The Securities and Exchange Commission voted on June 28, 2018, to adopt amendments to eXtensible Business Reporting Language (XBRL) requirements for operating companies and funds. The amendments are intended to improve the quality and accessibility of XBRL data.
The amendments, which will go into effect in phases, require the use of Inline XBRL for financial statement information and risk/return summaries. Inline XBRL has the potential to benefit investors and other market participants while decreasing, over time, the cost of preparing information for submission to the Commission. The amendments also eliminate the requirements for operating companies and funds to post XBRL
The Securities and Exchange Commission voted on June 28, 2018, to adopt amendments to the “smaller reporting company” (SRC) definition to expand the number of companies that qualify for certain existing scaled disclosure accommodations.
“I want our public capital markets to be a place where smaller companies can thrive and thereby provide our Main Street investors with more access to investing options where our public company disclosure rules and protections apply,” said SEC Chairman Jay Clayton. “Expanding the smaller reporting company definition recognizes that a one size regulatory structure for public companies does not fit all. These amendments to the
The Securities and Exchange Commission voted on June 28, 2018, to propose a new rule and form amendments intended to modernize the regulatory framework for exchange-traded funds (ETFs), by establishing a clear and consistent framework for the vast majority of ETFs operating today. ETFs that satisfy certain conditions would be able to operate within the scope of the Investment Company Act of 1940 and to come to market without applying for individual exemptive orders. The proposal would therefore facilitate greater competition and innovation in the ETF marketplace, leading to more choice for investors.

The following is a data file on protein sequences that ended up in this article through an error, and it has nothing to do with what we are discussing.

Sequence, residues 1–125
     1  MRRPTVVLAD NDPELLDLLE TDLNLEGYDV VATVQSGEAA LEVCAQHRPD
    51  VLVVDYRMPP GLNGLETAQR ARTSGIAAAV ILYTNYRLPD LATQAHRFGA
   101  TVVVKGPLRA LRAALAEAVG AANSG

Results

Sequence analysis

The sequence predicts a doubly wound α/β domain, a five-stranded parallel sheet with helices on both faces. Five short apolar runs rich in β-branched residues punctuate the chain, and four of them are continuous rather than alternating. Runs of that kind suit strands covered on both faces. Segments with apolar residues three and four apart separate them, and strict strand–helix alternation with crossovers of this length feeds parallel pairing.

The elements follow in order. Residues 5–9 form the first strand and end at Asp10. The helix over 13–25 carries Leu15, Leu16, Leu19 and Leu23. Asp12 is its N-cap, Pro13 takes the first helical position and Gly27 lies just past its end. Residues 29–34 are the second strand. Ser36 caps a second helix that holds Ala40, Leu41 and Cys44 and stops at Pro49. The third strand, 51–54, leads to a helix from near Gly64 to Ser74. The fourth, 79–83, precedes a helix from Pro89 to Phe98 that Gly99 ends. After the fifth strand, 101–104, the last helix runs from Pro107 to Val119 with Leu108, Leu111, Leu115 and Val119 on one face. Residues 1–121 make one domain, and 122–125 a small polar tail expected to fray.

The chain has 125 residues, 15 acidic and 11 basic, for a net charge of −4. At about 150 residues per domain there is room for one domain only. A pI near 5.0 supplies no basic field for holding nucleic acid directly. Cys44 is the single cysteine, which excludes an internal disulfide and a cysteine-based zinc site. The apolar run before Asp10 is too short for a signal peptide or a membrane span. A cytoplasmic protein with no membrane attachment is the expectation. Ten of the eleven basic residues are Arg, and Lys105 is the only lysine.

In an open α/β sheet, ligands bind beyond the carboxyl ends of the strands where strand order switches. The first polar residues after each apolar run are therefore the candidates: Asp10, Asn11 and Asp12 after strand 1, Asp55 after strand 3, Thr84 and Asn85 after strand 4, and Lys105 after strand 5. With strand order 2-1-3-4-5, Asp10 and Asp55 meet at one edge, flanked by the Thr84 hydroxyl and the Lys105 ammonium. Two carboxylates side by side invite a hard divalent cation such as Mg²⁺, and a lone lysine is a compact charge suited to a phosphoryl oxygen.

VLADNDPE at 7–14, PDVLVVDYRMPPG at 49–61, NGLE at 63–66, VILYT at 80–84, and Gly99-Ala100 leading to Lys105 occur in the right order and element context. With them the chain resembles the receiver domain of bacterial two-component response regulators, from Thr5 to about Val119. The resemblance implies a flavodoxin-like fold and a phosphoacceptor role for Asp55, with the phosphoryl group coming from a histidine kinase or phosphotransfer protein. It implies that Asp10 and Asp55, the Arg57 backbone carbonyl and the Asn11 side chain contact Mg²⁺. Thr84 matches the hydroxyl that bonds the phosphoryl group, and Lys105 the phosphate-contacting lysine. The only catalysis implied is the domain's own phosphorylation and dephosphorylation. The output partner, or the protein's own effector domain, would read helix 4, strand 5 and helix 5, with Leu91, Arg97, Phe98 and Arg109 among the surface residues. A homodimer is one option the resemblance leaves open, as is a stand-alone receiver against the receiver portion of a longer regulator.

ETFs are hybrid investment products not originally
The Securities and Exchange Commission on June 28, 2018, adopted amendments to public liquidity-related disclosure requirements for certain open-end funds. Under the amendments, funds would discuss in their annual or semi-annual shareholder report the operation and effectiveness of their liquidity risk management programs. This requirement replaces a pending requirement that funds publicly provide a quantitative end-of-period snapshot of historic aggregate liquidity classification data for their portfolios on Form N-PORT.
The Commission adopted the open-end fund liquidity rule in October 2016 in an effort to promote effective liquidity risk management programs in the fund industry. Management of liquidity risk is important
Securities and Exchange Commission Chair Mary Jo White, after nearly four years as the agency’s head, today announced that she intends to leave at the end of the Obama Administration. Under Chair White’s leadership, the Commission strengthened protections for investors and the markets through transformative rulemakings that addressed major issues highlighted by the financial crisis. The Commission also instituted a new approach to enforcement that has resulted in greater accountability and record actions through, among other things, the use of admissions of wrongdoing and enhanced data analytics and technology.
Chair White, who became the 31st Chair of the SEC in … Read more
The Securities and Exchange Commission announced on October 11 that, in fiscal year 2016, it filed 868 enforcement actions exposing financial reporting-related misconduct by companies and their executives and misconduct by registrants and gatekeepers, as the agency continued to enhance its use of data to detect illegal conduct and expedite investigations.
The new single year high for SEC enforcement actions for the fiscal year that ended September 30 included the most-ever cases involving investment advisers or investment companies (160) and the most-ever independent or standalone cases involving investment advisers or investment companies (98). The agency also reached new highs for … Read more